Much in the same way that Tesla the automotive company, went up against the big three American automotive companies, for several years of its company history it was being artificially kept low do two shorts in price stock manipulation by short sellers, and later it was discovered that, many of these short sellers had links to the traditional auto companies. I suspect something very similar is happening to EOS main-net, after all if you really think about it, how many entrenched interest, have taken long-term competing positions both with capital, as well as crypto businesses, in competing legacy blockchains, whatever the real reason is, one thing is becoming more clear as time goes on, there seems to be significant price manipulation afoot.
Though despite all of the downward sell pressure, unreasonable fud, and community infighting, the EOS main-net blockchain is still working, and still very much alive, despite what some would hope, which is to my mind, a testament to the significant, technological advantage we have.
Number two: Legitimately more Decentralized, I know, I know, before I get started on this point, I can already hear what some people are probably saying, right about now, most people have been convinced that the EOS main-net is not more decentralized than other legacy blockchains, and at the risk of sounding like a broken record, that is simply just not accurate, when you make an intellectually honest, apples to apples comparison, with (delegated-proof-of-stake) block producers, and (proof-of-work) mining pools. When you are accounting for these factors, the EOS blockchain is quite literally the most decentralized blockchain operating currently in the top 25.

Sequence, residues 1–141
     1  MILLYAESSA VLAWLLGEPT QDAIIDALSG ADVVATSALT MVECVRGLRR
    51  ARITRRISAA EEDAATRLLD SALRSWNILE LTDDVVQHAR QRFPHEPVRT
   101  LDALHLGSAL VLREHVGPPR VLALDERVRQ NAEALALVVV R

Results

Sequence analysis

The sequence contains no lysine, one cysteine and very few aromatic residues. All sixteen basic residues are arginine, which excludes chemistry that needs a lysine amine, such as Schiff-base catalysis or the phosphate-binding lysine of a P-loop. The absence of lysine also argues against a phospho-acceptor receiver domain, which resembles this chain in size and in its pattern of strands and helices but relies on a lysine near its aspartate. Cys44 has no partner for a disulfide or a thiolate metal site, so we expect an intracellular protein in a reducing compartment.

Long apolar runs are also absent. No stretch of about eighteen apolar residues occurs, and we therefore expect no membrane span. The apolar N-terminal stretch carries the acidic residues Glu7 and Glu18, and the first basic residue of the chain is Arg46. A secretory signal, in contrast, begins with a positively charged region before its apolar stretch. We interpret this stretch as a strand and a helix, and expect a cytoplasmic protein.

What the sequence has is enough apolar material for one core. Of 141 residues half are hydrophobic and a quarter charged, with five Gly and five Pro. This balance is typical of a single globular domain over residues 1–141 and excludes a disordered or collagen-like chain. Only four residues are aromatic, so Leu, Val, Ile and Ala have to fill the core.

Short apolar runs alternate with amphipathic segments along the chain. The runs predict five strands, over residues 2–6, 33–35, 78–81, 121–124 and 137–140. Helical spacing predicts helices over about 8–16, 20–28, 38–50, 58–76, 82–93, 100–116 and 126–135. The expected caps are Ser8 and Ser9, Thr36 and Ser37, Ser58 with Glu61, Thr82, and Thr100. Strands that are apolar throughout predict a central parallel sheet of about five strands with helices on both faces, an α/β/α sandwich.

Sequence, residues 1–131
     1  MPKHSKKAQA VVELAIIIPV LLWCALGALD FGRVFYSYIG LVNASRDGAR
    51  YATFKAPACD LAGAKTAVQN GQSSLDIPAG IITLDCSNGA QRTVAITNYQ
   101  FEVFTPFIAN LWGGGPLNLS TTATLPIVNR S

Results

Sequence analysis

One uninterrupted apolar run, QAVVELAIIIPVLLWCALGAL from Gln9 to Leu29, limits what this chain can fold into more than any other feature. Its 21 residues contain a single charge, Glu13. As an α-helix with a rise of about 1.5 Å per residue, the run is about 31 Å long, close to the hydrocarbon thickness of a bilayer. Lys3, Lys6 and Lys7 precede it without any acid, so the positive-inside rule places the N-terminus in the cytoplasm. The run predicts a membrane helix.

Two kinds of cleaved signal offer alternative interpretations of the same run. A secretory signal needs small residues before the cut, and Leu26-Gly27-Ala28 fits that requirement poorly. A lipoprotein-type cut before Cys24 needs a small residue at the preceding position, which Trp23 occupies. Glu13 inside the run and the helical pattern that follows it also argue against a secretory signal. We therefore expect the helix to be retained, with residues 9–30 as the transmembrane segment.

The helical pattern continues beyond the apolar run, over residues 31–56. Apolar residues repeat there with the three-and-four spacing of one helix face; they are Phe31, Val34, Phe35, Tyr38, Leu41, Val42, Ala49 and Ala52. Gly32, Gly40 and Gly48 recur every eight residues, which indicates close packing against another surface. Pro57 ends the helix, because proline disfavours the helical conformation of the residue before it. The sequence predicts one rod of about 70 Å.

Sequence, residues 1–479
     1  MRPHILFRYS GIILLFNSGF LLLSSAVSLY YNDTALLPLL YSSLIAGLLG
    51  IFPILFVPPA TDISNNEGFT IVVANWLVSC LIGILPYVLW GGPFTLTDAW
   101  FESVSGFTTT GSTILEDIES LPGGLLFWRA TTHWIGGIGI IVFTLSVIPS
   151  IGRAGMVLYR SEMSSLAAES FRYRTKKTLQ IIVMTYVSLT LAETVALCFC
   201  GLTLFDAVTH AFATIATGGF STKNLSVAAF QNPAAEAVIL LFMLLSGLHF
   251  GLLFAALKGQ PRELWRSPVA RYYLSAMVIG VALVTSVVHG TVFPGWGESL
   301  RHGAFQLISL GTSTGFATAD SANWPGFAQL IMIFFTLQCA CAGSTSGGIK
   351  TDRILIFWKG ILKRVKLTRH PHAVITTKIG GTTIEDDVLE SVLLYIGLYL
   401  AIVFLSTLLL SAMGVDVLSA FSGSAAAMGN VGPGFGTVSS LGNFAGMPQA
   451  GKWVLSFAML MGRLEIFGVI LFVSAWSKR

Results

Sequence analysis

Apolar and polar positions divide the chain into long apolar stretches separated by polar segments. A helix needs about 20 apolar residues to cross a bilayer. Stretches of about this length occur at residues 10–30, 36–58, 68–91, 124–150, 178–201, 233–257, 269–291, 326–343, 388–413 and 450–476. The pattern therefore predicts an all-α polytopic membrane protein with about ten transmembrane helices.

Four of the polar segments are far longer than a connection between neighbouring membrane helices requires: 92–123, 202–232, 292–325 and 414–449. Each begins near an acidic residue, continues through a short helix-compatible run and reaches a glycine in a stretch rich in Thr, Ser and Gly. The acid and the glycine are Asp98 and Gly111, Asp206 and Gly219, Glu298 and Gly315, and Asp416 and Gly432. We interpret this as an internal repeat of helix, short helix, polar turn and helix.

Think about it for a moment, how many community fights have we had since launch, if we were truly as centralized as many people say, one of the clear-cut benefits of being a centralized community, is that there is a lot more direction, centralized communities are far more orderly, and founding fathers / developers’ opinions, take presidents over the opinion of many other community members. Love it or hate it, this quite simply has not been the case for the EOS main-net community. In fact, how often have we had suggestions by Dan Larimer himself, as well as the block-one development team.
Which are more often than not, ignored by the current EOS main-net voting proxy community. Regardless of if you think this is bad or good, one thing you cannot argue, and that is that EOS is centralized around its founding developers, and I know, as a follow up some might still say what about the growing cartels, and collusion of block producers, as well as exchanges voting with community funds?